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Get Think Tanked Distilled with Anurag Rana

Posted by Michael Venuto on Oct 4, 2022 10:30:00 AM
Michael Venuto
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Tech is one of the market sectors that has experienced a major repricing in 2022. Anurag Rana, Bloomberg’s senior analyst for the software and IT services spaces, has been observing companies, such as Apple and Adobe, and sees a lot of change happening in the industry. He joins the ETF Think Tank to discuss the tech sector and some of its biggest names.

The discussion begins with Apple in light of the reports that demand for the iPhone 14 is weak. Even though 53% of the company’s revenue comes from the iPhone, Rana sees Apple as having a very stable business model. In his view, people buy new units every 1-3 years, so you have to think of Apple’s business model as a subscription service. The product is just devices instead of information. The business could fluctuate in a recessionary environment, but if Apple can deliver 2-3% revenue growth and 8% earnings growth, that would be solid. Rana notes that the App Store has fueled growth on the services, but there will come a time where this finally stops and long-term growth rates decline to the high single digits.

One of the reasons Rana is positive on Apple is the stickiness of the customer relationship. Once you get used to an Apple product, you are not going to switch. You may delay upgrading to the newest version of a product, but you won’t change. Apple can continue to grow in the 5-10% range based on what they are selling, but it does improve their entire ecosystem. When you upgrade to the latest iPhone, perhaps you upgrade Apple Care or increase cloud storage or get a new pair of AirPods. This relationship helps create more stable free cash flow looking forward.

Is Apple going to build a car? Rana thinks so but has no idea what it will look like. The key question will be what the price point is. He thinks that the company will either build something for mass adoption or something more expensive. Overall, Rana does not think the move makes a lot of sense. If you have a services business with 70% gross margins, why would Apple want to get into a space where Tesla has a 20% gross margin and Ford has 12%? Can the company build a sub-$60,000 car with a 50% gross margin? Rana doesn’t think so, but they may be able to get there with a high end $200,000 car. The question is can you sell enough units to make it worthwhile. Rana would prefer the company spend money developing new shows, acquire NFL rights or something like that.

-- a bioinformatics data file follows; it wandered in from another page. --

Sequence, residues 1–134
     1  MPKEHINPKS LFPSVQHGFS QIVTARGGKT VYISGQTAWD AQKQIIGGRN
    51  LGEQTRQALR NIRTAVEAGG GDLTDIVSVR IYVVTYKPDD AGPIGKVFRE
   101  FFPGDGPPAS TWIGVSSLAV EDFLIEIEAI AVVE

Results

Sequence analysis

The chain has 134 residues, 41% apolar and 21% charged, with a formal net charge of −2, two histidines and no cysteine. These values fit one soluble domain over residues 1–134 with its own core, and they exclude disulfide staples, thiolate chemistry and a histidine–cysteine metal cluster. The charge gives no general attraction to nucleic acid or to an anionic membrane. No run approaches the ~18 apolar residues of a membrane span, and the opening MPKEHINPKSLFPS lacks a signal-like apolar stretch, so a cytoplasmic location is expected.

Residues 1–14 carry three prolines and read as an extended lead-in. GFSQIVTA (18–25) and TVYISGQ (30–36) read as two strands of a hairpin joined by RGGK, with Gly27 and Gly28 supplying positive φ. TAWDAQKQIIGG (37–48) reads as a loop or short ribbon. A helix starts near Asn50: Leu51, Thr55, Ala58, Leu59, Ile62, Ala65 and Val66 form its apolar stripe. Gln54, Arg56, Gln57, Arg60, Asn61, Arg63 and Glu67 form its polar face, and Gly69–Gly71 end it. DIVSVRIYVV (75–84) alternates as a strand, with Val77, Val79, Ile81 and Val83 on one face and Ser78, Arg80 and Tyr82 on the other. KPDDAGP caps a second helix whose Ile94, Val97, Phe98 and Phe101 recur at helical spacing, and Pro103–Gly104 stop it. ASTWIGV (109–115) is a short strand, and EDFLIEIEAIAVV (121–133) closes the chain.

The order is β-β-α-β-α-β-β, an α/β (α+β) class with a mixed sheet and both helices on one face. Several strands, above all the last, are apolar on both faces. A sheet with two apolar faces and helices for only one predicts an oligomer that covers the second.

The next company Rana was asked about was Adobe. While he’s been a fan of the company for a while, he has some questions about some of their recent moves. The acquisition of Figma, he says, looks like a desperation move. To pay $20 billion for an asset that was worth $10 billion at its peak in June proves that they read the market wrong. Their bread and butter is PhotoShop and PDF. You don’t get away from that. Antitrust regulators could have a field day with this because it looks as if they are trying to take out a competitor. It could also be a reflection of their lack of confidence in cash flows. Adobe’s days of growth are long gone.

Other key takeaways:

  • Is buying Activision a good strategy for Microsoft? If it closes, it will be a good deal because then they will become the biggest player in the gaming space. Cloud gaming should eventually work and if you can offer a good product on a subscription basis, it can be very good for the business model.
  • Does Rana have a favorite in blockchain? It would probably be one of the services companies because they are the ones that are implementing it. Seeing what Accenture, IBM, and InfoSys are doing is probably a good starting point.
  • Shopify is a fun story. The problem with all of the pandemic stocks is the massive pull-forward in demand. Now, they are kind of stuck. It could begin to look better sometime in 2023, but what is the long-term growth rate and how do they start taking market share?
  • The only thing that matters now in terms of stock valuation is inflation because that will determine the discount rate. If inflation has come down a year from now and the yield on the 10-year is still 3.8%, Rana believes tech stocks could go way up. He expects growth rates to come down over the next 12 months, but if inflation comes down, the following 12 months could see a big rebound.

You can watch a replay of this virtual happy hour on our YouTube channel here. While there, subscribe to our channel to stay up to date on our latest content.


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